So, I’ve been pretty much feeling in a coma for the last few days. I had emails sitting in my inbox waiting to be answered. I haven’t done anything on my books. I haven’t even looked at my blog. Then, yesterday, my husband and I were talking about Newt — again — and remembering how happy he was all the time despite all the hardships he had to deal with during his life. And it was then that I realized that Newton was much better than me. I have none of the health problems he had, and although I’m generally very happy, I have my worries, concerns, over really small things. When Newton died, I didn’t feel like doing anything, not even one of my favorite things: writing. I want to be a novelist full time, to tell stories all the time, but when he died, I didn’t care about it. It just seemed like it didn’t matter.

But remembering Newt’s tail swinging back and forth, and his shining eyes as his pink tongue hung out of his mouth, his running around and squeeking his toy even though he only had one and a half good lungs, I realized that remembering is much better than mourning. Remembering all the wonderful things he did is the best way to honor him. And to aim to be as happy as him no matter what is the best way to be.

My husband encouraged me to return the emails I needed to return today, some from prospective agents, so I did, with images of Newtie wagging his tail at my feet.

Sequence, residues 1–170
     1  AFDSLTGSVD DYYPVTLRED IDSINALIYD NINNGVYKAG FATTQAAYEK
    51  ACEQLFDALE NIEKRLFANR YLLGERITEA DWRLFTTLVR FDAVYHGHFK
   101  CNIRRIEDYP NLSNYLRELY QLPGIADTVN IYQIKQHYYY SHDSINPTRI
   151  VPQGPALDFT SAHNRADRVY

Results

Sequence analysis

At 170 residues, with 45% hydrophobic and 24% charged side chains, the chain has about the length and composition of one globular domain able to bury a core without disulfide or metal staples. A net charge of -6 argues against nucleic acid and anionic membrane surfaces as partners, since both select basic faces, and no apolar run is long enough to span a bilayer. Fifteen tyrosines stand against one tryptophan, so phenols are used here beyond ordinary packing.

Things will never be the same without our Newtie, our Sir Newton (who often lived up to his pen name), but I’m getting back on my horse, so to speak, and trying to remember that he wouldn’t worry or be sad; he’d smile and wag his tail.

This blog post is for him.

Write On

Never feel alone as a writer

Current word count: 22,588

New words written: 729

Words til goal: 17,412 / 415 words a day til the end of September

Another good writing day. I’m waiting the well to dry up! hahaha Hopefully, not til I’m done.

Writing is very solitary work. It’s just you, a computer or notebook and your story in your head. It’s great to have others that you can bounce ideas off of, but, sometimes that can be difficult as everybody has their own lives and no one else is as obsessed about our book as we are. 🙂